Director Hans-Jurgen Syberberg examines the rise and fall of the Third Reich in this brooding seven-hour masterpiece, which incorporates puppetry, rear-screen projection, and a Wagnerian ... See full summary »
Director Hans-Jurgen Syberberg examines the rise and fall of the Third Reich in this brooding seven-hour masterpiece, which incorporates puppetry, rear-screen projection, and a Wagnerian score into a singular epic vision. Syberberg, who grew up under Nazi tyranny, ruminates on good and evil and the rest of humanity's complicity in the horrors of the holocaust. Written by
I first have to say that I have a real fascination with Hitler. NOT admiration, fascination. This film was given to me by a friend who shared this intrigue. Rininger, upon giving me this film said "you are absolutely going to love this" Truer words will never be uttered. My friend passed away a few days ago, and I will be forever grateful that he introduced me to this (in my opinion)masterpiece of film making. This film is definitely not for everyone. But those who are able to take heavy doses of beauty and provocative discourse this film is a must. I was absolutely riveted the first time I saw it and continue to return to it on a regular basis to take whatever dose time might permit. The sets are to my eye breathtakingly wonderful. Despite the fact that I don't understand more than a word of German is a none issue. I find that I can ignore the subtitles and lose myself in the sheer passion. This film communicates on so many levels that it is impossible to walk away from it empty. It will probably take many many viewings before I can even scratch the surface of this films visual richness and cultural significance. I highly suggest the viewing of this film for any seriously art minded persons. John R. I thank you for alerting me to this delicious slice of experience. Love ya man.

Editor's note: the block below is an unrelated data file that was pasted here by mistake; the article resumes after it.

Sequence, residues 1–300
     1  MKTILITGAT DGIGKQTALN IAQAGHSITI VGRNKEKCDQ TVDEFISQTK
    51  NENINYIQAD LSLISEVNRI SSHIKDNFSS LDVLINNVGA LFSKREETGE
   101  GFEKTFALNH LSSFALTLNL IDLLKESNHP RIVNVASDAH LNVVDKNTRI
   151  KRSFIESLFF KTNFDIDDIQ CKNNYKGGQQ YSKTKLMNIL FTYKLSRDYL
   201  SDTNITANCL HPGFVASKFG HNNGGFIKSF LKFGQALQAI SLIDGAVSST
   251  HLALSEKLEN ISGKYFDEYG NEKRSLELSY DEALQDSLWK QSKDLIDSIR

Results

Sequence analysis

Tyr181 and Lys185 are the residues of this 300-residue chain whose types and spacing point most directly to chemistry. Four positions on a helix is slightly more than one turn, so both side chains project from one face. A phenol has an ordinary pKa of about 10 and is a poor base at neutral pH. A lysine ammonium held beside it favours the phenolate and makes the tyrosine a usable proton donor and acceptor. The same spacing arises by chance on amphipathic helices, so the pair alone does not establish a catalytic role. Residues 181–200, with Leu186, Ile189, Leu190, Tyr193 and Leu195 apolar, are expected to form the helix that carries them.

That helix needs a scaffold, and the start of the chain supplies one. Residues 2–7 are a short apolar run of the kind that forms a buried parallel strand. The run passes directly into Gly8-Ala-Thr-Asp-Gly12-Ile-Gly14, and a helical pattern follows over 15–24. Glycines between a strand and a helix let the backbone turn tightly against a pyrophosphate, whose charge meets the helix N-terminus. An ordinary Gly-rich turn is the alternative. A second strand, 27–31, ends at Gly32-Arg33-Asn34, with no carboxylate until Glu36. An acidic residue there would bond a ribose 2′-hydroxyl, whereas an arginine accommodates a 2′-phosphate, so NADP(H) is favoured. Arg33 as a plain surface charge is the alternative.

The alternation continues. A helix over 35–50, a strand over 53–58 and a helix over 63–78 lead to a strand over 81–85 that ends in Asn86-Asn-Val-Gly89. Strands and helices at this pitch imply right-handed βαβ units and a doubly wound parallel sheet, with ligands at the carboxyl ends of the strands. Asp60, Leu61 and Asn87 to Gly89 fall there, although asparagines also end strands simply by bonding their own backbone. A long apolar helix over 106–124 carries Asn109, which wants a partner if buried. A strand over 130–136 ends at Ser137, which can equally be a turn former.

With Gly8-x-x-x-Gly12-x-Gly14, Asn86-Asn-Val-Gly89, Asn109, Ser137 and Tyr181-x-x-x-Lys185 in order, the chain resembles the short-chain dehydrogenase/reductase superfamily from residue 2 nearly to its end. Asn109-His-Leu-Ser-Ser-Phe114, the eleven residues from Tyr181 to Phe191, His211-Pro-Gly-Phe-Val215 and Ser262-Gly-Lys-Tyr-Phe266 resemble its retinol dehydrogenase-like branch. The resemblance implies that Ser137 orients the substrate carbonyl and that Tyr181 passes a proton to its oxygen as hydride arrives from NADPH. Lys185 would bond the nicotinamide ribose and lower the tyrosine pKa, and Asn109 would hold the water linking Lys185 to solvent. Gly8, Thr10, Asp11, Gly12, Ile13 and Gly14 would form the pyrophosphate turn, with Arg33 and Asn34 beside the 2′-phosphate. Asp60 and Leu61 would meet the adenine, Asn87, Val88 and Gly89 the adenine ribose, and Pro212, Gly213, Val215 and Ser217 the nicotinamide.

14 of 20 people found this review helpful.
Was this review helpful to you?